Today has turned out to be an unusual day for me. This morning, my mom volunteered to take the kids to her place for the day instead of watching them here at our home. Instead of leaving for the office as I typically would, my whole day opened up to me. I started thinking about what I wanted to do and realized, I had no set meetings, nowhere I had to be, just an open day. I couldn’t remember the last time I had these options about how to spend my time. Oddly enough, it made me a little nervous to not have my whole day planned out in my typical, structured way.
My home office is blanketed in natural light by a large bay window that overlooks our backyard. I don’t get the opportunity to enjoy it much and I so I decided working in my home office would be a great way to spend my day. As I sat down at my desk and opened up my laptop, I heard a tap on the window. I looked over and noticed a beautiful red cardinal bird sitting on the window sill looking in on me, curiously. I watched him quietly and then listened to him call out to other birds. He peeked back in on me, ruffled his feathers against the screen then flew off. So I went back to work. A few minutes later, he showed back up with a friend and both of them sat looking in, quiet and still. I chuckled a little to myself… this guy certainly was not going away. I decided to challenge myself to see if I could sit still long enough doing nothing and out last this tiny duo. For twenty minutes or more, these birds and I sat quietly. Now, anyone who knows me knows I’m not really one who stops and smells the roses, or moves slow enough to observe a bird in my back yard, let alone sit still for an extended period of time. Any other day I would have missed these birds and their quirky interest in me. I would have went on responding to emails and following up on action items. But there was something about the way the events of the day unfolded that beckoned me to relax, observe and play with these curious creatures. And in doing so, I think I became something unexpected in the middle of my work day. I became still.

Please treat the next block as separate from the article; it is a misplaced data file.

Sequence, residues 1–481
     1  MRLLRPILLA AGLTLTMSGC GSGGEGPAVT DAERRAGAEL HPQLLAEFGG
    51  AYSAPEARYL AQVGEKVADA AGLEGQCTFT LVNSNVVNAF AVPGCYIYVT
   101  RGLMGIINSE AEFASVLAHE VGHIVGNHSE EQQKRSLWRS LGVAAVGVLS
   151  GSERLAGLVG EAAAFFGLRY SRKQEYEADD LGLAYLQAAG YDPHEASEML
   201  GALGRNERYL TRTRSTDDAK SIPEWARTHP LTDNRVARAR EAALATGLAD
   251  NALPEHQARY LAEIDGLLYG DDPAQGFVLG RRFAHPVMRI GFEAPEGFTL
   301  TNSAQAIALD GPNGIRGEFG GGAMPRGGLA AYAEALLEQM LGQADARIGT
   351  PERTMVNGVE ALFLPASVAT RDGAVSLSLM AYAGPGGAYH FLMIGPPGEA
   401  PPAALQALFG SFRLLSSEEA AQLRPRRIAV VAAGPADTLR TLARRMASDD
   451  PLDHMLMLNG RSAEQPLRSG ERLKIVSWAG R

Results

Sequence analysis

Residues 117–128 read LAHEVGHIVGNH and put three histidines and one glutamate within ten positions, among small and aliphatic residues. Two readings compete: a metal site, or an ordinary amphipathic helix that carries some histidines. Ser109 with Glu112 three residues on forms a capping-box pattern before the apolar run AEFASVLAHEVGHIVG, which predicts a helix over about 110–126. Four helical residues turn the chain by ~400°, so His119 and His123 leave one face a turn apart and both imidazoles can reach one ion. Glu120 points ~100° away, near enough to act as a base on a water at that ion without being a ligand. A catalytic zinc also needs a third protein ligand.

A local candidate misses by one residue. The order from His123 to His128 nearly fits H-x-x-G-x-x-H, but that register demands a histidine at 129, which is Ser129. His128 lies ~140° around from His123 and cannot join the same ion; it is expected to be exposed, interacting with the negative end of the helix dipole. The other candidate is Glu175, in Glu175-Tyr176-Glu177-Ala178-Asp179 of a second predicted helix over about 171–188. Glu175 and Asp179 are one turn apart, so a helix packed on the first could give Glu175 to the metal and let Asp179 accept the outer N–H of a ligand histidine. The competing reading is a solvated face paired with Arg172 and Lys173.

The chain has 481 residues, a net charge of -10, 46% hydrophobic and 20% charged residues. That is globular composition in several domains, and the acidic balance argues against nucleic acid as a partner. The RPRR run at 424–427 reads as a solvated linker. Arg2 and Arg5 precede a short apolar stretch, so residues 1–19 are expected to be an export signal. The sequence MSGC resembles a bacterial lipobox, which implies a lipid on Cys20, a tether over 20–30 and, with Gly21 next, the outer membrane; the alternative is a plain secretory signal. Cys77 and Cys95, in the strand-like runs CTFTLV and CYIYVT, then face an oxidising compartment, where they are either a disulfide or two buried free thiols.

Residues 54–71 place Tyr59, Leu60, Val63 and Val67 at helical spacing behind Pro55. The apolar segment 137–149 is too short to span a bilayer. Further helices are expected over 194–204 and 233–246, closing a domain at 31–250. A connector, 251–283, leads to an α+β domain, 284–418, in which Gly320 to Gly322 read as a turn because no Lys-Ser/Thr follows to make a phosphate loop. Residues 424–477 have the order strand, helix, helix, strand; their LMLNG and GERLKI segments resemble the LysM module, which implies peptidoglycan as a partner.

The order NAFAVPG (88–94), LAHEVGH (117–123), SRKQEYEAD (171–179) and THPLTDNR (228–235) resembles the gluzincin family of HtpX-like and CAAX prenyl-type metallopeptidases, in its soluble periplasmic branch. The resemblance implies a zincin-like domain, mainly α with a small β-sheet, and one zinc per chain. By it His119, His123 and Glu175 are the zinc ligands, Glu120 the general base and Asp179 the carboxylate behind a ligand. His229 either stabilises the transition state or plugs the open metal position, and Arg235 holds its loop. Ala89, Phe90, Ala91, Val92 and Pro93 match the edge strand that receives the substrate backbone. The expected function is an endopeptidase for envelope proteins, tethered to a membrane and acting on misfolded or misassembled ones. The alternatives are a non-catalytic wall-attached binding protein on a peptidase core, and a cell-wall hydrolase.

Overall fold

What is stillness? Wikipedia’s definition is the absence of motion; quiet; calm.
What is the role of stillness in leadership when leadership is all about interacting with others and moving things forward? What value can be derived from sitting in silence and observing something outside of ourselves?
According to an influential psychologist, Hans Eyseack, “Stillness is a catalyst for innovation.” He further explains that stillness is a form of observing. When we pause and observe instead of act we are calmer. When we are calm we are more creative, more logical and more in control of our emotions.
Picasso once said, “Without great solitude, no serious work is possible.” As leaders, often we are so consumed with the pace of our day that we rarely give ourselves permission to take these moments. Instead we steam roll right over them when they are presented to us. Think about your day and the opportunities you have for being still, observant and calm:
- When someone is telling you how they feel about something important to them
- Standing in line… anywhere
- During meetings
- On the bus, plane or train to work
- Sitting in traffic
What are some possible benefits to taking these opportunities to be still?
- Catch what others miss
- Embrace the discomfort of silence
- Learn to work in solitude in addition to collaboration
- Stay present and calm in the midst of chaos
- Reduce stress
The red bird’s vibrant color and strong call has often been associated with representing personal power, confidence and great strength. I think it’s quite fitting then that when we talk about the importance of stillness in leadership we think of the red bird. Maybe… just maybe, the message for me on this unexpected day was to be still so that I could be more vibrant.
Here is wishing you a still and vibrant day.